Uveitis does not have to be vexing. Here are some basic principles to make it easier for ophthalmologists to identify the disorder.
DEFINE UVEITIS CHARACTERISTICS
A project called the Standardization of Uveitis Nomenclature (SUN) has attempted to better define uveitis characteristics. Dr. Dunn reviewed various findings from the SUN criteria to assist in creating a more precise differential diagnosis.2 First, consider the disease history, onset, and duration (such as whether it has been present in a patient for under 3 months or for 3 months or more).
Also, consider if the patient has a sudden onset flareup with limited duration; recurrent disease, defined as occurring more than 3 months after stopping therapy; or chronic uveitis (lasting more than three months or requiring ongoing suppressive therapy for more than three months).
“Laterality is also important,” Dr. Dunn said. “It could be unilateral, unilateral and alternating, bilateral simultaneous, or bilateral and asynchronous.”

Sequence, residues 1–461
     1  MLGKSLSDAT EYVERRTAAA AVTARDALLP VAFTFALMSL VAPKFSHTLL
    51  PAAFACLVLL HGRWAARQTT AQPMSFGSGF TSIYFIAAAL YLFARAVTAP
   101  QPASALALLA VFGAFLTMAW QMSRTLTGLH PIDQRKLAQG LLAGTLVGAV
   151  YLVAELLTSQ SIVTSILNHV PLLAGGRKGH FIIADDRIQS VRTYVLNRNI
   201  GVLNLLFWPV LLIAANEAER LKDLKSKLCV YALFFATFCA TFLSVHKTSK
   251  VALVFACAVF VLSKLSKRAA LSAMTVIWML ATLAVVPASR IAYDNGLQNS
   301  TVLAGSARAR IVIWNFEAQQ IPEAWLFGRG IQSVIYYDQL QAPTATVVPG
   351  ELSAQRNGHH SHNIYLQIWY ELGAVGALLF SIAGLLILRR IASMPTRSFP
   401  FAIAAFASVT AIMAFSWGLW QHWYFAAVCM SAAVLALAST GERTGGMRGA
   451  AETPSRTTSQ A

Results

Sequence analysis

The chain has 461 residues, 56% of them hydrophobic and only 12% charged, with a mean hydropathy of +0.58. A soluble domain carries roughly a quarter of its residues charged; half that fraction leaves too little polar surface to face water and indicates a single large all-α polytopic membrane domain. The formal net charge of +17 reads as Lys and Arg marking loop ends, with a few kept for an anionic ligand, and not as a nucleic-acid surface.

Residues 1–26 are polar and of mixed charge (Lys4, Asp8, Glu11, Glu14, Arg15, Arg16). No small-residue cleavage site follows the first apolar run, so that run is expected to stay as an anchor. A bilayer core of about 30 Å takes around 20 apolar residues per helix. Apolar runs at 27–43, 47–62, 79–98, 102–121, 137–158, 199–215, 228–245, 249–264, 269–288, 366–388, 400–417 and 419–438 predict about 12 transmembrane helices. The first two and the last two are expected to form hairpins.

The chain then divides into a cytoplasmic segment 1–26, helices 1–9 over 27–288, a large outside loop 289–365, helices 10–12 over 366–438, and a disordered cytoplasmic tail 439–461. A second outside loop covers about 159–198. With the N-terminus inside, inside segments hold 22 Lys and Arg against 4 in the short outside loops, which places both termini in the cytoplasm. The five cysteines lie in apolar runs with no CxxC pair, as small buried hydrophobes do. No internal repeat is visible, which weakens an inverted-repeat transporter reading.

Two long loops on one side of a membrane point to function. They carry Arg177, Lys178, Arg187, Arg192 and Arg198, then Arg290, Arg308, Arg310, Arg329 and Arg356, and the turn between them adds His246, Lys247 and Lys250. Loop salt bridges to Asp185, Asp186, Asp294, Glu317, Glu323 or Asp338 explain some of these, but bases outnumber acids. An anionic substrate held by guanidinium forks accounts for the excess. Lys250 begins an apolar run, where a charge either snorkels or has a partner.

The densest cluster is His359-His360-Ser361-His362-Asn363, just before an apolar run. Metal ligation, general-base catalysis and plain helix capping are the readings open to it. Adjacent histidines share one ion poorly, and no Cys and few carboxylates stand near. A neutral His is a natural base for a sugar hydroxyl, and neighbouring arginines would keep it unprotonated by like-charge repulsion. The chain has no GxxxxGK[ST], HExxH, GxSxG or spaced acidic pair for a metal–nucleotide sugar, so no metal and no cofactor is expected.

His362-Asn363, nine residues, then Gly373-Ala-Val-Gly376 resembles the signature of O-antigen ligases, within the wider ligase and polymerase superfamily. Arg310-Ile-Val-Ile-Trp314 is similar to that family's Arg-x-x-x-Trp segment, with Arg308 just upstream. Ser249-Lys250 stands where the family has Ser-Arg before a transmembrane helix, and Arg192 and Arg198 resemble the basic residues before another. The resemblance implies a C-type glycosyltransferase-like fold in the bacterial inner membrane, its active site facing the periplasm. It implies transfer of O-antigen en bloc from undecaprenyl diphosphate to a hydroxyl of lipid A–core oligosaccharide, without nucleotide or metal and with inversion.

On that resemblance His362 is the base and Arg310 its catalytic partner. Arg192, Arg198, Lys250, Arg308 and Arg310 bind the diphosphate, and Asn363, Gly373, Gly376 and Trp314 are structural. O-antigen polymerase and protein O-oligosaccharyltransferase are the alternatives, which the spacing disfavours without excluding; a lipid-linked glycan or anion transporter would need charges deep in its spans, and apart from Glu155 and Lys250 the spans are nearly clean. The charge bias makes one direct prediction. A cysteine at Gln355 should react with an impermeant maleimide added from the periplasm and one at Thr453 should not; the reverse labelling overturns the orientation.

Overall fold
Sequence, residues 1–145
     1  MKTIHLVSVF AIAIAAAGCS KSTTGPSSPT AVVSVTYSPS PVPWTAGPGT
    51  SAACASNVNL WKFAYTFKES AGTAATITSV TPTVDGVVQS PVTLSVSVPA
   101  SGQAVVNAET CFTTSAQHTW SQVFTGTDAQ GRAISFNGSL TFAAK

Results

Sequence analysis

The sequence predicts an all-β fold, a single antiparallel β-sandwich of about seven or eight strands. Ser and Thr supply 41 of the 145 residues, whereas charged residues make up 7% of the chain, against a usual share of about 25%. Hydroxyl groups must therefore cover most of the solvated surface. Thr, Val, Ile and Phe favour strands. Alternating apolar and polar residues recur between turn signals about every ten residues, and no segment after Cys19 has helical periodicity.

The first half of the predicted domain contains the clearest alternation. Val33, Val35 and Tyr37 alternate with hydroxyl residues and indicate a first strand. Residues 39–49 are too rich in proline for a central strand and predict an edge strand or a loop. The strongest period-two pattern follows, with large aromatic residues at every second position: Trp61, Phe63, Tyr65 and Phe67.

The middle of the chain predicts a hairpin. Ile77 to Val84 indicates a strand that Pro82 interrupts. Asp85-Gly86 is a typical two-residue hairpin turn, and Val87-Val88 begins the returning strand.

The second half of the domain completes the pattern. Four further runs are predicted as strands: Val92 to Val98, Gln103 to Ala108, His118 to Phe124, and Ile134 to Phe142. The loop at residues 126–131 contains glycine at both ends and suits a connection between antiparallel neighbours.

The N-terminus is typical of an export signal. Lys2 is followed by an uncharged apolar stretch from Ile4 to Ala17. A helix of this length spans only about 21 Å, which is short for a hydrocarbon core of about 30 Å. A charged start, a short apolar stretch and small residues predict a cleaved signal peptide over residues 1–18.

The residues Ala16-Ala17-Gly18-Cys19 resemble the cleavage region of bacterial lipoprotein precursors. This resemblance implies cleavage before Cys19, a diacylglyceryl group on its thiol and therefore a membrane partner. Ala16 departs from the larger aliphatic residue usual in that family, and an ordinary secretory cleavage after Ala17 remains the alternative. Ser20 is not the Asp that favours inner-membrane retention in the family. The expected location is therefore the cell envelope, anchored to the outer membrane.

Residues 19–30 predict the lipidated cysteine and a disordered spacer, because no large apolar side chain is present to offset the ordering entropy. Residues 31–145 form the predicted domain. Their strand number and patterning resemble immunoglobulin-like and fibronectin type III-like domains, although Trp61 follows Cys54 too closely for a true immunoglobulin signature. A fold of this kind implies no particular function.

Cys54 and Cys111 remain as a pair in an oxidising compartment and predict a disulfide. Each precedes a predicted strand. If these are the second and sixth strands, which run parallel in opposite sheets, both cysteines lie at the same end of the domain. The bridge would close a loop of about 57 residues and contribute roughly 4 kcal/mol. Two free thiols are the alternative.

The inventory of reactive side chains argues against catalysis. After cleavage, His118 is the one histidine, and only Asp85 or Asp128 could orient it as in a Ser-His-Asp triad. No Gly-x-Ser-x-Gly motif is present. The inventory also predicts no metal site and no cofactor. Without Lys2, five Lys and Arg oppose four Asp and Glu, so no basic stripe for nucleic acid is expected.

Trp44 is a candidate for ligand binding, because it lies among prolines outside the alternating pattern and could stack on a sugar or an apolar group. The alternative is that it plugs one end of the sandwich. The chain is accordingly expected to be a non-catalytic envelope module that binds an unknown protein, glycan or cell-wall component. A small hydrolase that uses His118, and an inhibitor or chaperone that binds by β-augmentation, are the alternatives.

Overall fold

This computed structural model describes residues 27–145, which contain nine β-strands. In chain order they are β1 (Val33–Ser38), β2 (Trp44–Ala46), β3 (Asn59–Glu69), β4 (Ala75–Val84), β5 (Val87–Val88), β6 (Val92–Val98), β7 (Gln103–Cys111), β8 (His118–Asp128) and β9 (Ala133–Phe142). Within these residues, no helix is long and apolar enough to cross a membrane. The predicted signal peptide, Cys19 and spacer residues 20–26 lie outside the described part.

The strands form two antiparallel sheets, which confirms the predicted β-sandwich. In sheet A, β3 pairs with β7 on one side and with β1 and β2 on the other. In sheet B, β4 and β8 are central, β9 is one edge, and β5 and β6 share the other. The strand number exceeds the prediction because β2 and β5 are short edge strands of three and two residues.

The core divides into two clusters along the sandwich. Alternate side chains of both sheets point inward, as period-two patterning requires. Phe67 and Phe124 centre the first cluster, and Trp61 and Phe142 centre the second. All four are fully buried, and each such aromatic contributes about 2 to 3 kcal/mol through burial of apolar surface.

Anatomic location—including anterior, intermediate, posterior, or panuveitis—is another key indicator. However, the presence of certain structural complications—such as macular edema—does not in and of itself define that area of the eye as being involved, Dr. Dunn said. For example, iridocyclitis with macular edema is classified as anterior uveitis, not panuveitis. The presence of cell or flare is another finding to consider.
“However, cell is not the same as flare,” he said. “Some diseases have more cell, and some have more flare.”
Take some time to characterize the hypopyon— its color, size, and whether it shifts with change in head position, as may occur in Behcet’s disease Also, consider keratic precipitates (KP) and whether they are granulomatous or non-granulomatous, Dr. Dunn said.
Remember that granulomatous diseases (such as sarcoidosis) may present with non-granulomatous KP, but non-granulomatous diseases (such as HLA B27-associated uveitis) almost never present with granulomatous features. If a patient has posterior uveitis, try to define if it is retinitis, choroiditis, retinal vasculitis (such as arterial or venous), or a combination. For any lesions that are present, make note of their size, shape, and colo —all of which can be important for diagnostic purposes.
1. Jabs DA, Busingye J. Approach to the diagnosis of the uveitides. Am J Ophthalmol. 2013;156:228-236.
2. Jabs DA, et al. Standardization of uveitis nomenclature for reporting clinical data. Results of the First International Workshop. Am J Ophthalmol. 2005;140:509-516.